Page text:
‘The best moments in reading are when you come across something - a thought, a feeling, a way of looking at things - which you had thought special and particular to you. And now, here it is, set down by someone else, a person you have never met, someone even who is long dead. And it is as if a hand has come out, and taken yours.’ Alan Bennett
“Many a book is like a key to unknown chambers within the castle of one’s own self.” ― Franz Kafka
Sunday, 6 November 2011
Tyger Tyger, Burning Bright: Much-Loved Poems You Half-Remeber - Ana Sampson
This is a beautifully presented volume comprising a selection of poetry billed as the much-loved poems we half-remember from school days and childhood, and it is divided into eight sections of poems, under different general headings or themes including love, death, childhood, and the natural world. There is a very useful and entertaining section at the back of the book with a short little snippet of information about each poet and poem, which is a very nice inclusion, and tempts the reader to go off and discover more about any favourites featured here. The index is also very helpful; as well as listing the poets, you can quickly find the poem you are searching for by title, first line or well-known lines.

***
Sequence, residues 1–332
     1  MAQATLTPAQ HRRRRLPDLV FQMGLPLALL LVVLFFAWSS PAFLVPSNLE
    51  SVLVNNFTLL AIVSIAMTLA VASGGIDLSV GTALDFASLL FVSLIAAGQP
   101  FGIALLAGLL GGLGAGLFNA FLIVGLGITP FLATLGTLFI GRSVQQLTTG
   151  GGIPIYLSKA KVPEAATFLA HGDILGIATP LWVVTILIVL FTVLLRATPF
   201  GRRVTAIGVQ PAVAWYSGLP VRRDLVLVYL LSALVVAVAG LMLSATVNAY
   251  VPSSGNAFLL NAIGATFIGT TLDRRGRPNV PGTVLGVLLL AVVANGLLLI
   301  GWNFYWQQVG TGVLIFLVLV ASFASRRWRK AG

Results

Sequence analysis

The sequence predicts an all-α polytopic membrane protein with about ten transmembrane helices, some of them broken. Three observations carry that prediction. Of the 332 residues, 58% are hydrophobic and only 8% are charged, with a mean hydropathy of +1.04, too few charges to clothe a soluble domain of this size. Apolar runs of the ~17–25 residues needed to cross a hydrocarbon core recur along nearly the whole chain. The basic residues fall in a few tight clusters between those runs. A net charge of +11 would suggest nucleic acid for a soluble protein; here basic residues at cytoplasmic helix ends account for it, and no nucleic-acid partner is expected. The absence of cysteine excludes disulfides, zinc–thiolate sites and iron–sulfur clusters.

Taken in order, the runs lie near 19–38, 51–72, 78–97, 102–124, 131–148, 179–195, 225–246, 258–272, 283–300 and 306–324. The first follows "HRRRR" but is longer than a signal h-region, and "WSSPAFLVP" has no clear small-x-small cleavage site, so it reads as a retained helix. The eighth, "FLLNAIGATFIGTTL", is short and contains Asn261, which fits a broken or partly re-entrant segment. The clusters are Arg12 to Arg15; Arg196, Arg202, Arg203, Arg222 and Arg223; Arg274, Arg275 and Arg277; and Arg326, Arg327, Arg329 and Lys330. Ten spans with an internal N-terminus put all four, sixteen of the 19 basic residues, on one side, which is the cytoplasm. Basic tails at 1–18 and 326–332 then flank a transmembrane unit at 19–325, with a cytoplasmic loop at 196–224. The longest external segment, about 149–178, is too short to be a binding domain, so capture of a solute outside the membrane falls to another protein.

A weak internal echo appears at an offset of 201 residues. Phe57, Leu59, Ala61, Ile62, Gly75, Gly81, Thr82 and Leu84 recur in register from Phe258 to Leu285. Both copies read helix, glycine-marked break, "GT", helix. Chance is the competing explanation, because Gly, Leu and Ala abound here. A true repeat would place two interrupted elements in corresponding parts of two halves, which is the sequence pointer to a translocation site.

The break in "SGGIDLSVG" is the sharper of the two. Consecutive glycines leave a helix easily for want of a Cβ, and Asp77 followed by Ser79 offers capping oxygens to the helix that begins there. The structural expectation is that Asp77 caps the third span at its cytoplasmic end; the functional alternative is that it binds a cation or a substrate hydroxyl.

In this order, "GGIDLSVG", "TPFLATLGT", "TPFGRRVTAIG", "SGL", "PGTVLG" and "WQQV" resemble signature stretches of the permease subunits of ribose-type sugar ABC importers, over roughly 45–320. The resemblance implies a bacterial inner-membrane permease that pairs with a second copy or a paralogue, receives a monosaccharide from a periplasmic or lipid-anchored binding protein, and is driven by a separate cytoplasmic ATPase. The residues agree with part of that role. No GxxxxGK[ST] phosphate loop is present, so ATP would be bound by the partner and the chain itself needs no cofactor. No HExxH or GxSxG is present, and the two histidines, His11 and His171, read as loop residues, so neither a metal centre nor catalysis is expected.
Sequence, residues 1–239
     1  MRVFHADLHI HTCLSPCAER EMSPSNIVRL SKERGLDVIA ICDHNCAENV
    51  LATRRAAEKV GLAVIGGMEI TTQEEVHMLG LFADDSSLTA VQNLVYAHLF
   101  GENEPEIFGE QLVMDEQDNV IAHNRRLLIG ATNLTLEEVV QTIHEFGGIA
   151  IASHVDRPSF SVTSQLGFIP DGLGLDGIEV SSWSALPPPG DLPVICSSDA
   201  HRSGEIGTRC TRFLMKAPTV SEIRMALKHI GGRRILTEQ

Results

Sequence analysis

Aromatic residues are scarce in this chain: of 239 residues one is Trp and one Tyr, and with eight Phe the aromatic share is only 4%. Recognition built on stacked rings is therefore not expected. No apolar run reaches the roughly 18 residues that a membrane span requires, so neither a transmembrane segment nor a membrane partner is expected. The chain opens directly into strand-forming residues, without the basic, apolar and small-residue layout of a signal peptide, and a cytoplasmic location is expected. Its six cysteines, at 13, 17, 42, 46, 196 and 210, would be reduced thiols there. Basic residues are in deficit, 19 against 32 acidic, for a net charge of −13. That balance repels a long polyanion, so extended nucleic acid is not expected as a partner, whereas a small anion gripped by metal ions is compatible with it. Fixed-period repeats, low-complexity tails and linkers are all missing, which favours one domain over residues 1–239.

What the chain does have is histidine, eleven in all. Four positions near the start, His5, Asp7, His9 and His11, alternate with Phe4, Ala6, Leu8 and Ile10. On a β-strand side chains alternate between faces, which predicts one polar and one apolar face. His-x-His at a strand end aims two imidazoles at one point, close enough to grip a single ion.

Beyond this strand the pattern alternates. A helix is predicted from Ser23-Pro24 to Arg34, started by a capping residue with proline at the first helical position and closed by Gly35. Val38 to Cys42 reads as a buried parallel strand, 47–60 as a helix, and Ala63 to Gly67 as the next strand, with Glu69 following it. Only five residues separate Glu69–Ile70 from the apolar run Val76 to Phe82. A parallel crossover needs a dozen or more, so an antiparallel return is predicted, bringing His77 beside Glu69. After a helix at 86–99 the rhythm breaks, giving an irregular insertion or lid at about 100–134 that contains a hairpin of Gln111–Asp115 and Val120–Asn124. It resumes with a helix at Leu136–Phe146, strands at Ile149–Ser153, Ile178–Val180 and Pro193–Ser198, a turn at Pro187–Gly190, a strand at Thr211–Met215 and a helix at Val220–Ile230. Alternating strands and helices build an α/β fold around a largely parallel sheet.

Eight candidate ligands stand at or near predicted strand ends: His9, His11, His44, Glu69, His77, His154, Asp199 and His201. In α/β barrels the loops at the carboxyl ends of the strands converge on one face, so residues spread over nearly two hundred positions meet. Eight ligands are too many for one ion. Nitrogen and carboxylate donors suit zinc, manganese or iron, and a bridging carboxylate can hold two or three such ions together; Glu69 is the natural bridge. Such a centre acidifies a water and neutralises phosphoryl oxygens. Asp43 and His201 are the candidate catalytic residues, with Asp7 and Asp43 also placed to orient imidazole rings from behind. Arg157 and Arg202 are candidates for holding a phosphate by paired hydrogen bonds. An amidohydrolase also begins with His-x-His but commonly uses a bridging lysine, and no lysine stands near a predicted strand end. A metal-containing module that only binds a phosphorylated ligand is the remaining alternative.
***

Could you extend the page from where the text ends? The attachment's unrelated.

This is a lovely selection to dip into and enjoy at leisure. It will make a good addition to any book or poetry lovers’ home, and would be an ideal gift. It’s a nice size with a pleasing variety of verse from different eras, with the inclusion both of some very well-known poems and others a little lesser so. I was particularly pleased by the inclusion of one of my all-time favourites, Dylan Thomas’ wonderful poem on childhood, ‘Fern Hill’, and three by John Donne including ‘Sonnet 10: Death, Be Not Proud’, both of which took me drifting back to my A-level English Literature days.